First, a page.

Dressing for Travel
- What: Clothing choices for travel
- When: Any long trip with kids
- Why: Reduce frustration and pack less
- Where: On the road or in the air
Traveling with kids, whether by car or plane, involves a lot more effort than throwing my own stuff in a bag and taking off. Over the years and many many trips of varying lengths and kinds, I’ve reached a few solid conclusions about the best clothes to wear and pack while traveling.
I always have a change of shirt for myself, and a complete change of clothing including socks and underwear for each kid on board (or not buried in a suitcase in the trunk for car trips) with me. These clothes have come in handy on more than one occasion, like that time my infant vomited on me twice on a ten hour flight, or when we discovered my daughter gets seasick on ferries.
I’ve learned to wear skirts on board when traveling with lap kids. I can barely bend over on an airplane myself, but with a child in my lap (who can weight 35 pounds or more), it’s nearly impossible to reach the floor. My skirt will catch a lot of things that would otherwise fall into the never-neverland underneath the airline seats, and saves me a lot of hassle locating them and picking them up while holding a child in my lap.
After losing our luggage for two days on a flight this year, I now include a pair of underwear for myself in my carry on luggage on board with me, in addition to a change of shirt. It turns out fresh underwear and two shirts can take you through quite a few days while you wait for your stuff to arrive.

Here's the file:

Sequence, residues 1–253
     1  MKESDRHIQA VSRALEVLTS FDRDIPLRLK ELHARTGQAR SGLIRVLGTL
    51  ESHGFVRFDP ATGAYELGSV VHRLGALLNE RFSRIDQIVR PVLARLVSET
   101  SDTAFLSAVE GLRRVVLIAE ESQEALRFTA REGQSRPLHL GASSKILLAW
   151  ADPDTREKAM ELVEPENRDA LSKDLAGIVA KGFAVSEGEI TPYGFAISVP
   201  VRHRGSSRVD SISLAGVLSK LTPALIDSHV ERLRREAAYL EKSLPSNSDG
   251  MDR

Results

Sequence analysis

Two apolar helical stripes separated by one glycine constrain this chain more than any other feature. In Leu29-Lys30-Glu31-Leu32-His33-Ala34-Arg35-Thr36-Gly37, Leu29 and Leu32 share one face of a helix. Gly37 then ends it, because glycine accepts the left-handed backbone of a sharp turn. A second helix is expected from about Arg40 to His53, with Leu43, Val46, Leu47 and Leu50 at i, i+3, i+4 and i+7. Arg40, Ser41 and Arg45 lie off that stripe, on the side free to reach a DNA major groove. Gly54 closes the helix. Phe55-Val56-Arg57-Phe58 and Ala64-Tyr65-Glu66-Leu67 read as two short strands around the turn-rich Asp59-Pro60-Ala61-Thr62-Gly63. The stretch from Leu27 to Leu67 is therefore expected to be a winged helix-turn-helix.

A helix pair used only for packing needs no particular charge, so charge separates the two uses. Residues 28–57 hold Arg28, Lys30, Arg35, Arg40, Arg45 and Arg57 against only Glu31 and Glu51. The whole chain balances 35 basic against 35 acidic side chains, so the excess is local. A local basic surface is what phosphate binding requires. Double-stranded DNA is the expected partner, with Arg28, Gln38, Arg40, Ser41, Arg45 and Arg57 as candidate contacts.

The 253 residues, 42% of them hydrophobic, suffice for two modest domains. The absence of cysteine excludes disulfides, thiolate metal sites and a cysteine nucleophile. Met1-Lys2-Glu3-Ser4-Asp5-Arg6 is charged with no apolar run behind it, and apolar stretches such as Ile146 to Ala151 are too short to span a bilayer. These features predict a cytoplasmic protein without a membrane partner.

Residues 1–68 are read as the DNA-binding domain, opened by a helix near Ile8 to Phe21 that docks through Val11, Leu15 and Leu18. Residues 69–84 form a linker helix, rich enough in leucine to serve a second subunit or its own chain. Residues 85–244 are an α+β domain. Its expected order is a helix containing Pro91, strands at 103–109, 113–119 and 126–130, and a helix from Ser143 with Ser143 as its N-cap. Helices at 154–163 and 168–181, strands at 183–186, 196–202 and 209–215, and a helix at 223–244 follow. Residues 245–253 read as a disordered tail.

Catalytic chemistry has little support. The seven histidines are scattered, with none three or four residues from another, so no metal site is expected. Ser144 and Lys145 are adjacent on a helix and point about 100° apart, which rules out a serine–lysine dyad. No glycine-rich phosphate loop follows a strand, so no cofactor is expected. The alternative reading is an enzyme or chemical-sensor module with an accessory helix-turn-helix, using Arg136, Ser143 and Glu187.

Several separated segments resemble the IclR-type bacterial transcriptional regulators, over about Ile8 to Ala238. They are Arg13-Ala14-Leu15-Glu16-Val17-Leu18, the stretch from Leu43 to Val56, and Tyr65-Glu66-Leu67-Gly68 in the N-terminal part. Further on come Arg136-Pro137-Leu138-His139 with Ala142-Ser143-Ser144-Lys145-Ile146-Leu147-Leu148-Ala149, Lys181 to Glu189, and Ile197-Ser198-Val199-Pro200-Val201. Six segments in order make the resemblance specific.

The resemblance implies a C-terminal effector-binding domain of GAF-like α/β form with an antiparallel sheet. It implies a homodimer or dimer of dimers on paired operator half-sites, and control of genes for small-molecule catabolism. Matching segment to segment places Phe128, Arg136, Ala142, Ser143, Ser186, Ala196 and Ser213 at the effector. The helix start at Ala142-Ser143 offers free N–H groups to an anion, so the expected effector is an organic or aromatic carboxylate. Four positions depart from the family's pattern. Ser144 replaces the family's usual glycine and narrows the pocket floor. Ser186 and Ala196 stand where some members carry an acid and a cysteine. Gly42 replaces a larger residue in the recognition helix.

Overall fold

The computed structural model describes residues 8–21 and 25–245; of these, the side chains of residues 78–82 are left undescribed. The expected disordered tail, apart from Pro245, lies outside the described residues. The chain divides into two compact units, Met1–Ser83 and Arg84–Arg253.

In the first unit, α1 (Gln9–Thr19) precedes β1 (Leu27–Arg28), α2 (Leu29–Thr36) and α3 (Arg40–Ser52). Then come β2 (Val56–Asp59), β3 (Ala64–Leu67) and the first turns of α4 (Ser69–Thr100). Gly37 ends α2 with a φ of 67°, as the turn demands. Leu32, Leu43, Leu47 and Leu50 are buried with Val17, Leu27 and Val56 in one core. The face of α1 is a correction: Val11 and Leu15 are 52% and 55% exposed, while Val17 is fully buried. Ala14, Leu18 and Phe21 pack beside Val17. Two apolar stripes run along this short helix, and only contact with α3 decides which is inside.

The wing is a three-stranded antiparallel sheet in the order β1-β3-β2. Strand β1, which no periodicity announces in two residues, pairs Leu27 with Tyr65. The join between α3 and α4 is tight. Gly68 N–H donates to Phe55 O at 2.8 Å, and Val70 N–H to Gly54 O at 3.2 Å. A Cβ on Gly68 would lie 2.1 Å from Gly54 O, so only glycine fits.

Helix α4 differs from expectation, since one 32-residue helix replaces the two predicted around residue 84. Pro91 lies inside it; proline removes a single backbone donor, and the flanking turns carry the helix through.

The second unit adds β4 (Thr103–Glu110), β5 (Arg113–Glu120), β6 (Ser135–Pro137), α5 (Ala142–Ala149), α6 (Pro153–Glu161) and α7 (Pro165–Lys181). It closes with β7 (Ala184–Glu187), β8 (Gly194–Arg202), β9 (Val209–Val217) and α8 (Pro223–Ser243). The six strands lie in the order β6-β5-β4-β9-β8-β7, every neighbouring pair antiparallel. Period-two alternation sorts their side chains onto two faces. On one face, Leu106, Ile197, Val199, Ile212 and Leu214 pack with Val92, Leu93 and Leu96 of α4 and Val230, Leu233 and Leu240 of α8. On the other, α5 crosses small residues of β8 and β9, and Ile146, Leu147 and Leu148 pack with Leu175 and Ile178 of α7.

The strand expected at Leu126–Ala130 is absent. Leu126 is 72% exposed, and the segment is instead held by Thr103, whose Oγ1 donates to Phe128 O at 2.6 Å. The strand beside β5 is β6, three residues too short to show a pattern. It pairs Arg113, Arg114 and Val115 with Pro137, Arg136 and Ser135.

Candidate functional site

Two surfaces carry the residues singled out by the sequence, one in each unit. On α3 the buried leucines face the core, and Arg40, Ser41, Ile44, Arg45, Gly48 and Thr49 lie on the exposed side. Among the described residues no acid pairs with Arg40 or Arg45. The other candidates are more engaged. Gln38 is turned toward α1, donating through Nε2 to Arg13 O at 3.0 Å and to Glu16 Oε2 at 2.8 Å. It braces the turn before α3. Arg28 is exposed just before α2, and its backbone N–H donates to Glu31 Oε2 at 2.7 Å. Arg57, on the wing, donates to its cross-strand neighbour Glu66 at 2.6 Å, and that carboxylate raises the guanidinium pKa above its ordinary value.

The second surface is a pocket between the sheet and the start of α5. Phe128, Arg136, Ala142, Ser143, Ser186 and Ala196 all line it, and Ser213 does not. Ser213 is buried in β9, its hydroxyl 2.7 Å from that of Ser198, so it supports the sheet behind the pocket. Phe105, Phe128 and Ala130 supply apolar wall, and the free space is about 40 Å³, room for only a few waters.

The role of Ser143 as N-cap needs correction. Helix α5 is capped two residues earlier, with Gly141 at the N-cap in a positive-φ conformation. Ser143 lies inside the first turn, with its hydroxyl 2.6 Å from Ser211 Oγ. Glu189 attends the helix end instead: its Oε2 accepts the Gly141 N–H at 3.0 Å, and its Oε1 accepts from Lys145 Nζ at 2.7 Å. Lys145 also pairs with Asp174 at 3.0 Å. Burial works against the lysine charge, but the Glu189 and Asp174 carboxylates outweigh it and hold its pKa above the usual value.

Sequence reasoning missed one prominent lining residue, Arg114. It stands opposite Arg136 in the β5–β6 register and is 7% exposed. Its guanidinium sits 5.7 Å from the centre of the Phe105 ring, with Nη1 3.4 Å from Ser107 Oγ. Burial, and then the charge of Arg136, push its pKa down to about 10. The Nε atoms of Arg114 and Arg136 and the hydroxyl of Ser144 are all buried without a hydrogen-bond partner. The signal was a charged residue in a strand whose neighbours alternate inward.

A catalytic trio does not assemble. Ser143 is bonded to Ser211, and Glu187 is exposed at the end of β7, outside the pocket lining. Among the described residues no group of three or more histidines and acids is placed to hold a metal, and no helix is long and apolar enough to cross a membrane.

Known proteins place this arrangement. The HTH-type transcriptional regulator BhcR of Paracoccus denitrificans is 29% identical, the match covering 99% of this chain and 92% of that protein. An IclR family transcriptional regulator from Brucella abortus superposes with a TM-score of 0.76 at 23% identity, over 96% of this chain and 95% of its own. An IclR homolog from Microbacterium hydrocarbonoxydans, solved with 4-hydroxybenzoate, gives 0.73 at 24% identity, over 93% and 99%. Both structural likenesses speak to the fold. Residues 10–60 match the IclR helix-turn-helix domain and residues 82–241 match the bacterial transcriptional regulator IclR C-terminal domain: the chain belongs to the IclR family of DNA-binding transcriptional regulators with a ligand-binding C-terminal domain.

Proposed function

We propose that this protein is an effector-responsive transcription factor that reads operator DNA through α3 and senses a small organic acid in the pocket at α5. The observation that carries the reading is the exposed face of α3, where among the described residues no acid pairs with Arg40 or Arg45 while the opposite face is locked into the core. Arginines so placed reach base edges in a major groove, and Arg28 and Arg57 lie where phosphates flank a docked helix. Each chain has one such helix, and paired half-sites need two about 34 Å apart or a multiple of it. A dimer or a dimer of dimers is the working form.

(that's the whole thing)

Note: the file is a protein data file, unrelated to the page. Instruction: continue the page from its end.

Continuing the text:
I also like to wear layers on top, like a tank top (a nursing one if that’s still applicable) with a t shirt and a fleece or cardigan on top. Multiple layers mean I can toss one if we spill a drink or something liquid explodes (straw sippy cups on airplanes anyone?) and still be decent, and it gives me more control over my comfort when I can’t control the temperature.
For kids still in diapers, I highly recommend baby legs for attire. They make diaper changes a cinch, since you don’t have to take pants on or off or unsnap anything. They also keep kids the right temperature. If the plane is too hot, you push them down like leg warmers or remove them entirely. For colder flights, they add extra insulation without extra fuss at changing times. For older kids, fleece pants are the only way to go.
If I’m traveling by myself with all the kids, I try to pick out their clothes. I prefer a nice football jersey, because heaven forbid if anyone got lost or separated, it’s easy to say “My kids is wearing such and such team with number 3 on his back” and everyone knows exactly what that looks like. Barring that, I try to dress them all in the same color, normally red, because the bright color makes them easy to pick out even in a crowd. I also try to have a photo of each kid and what they’re wearing that day on my phone, in case they get separated from me.
While I haven’t lost a kid yet, I’ve found these tricks and tips help me feel less stressed before and during our trips.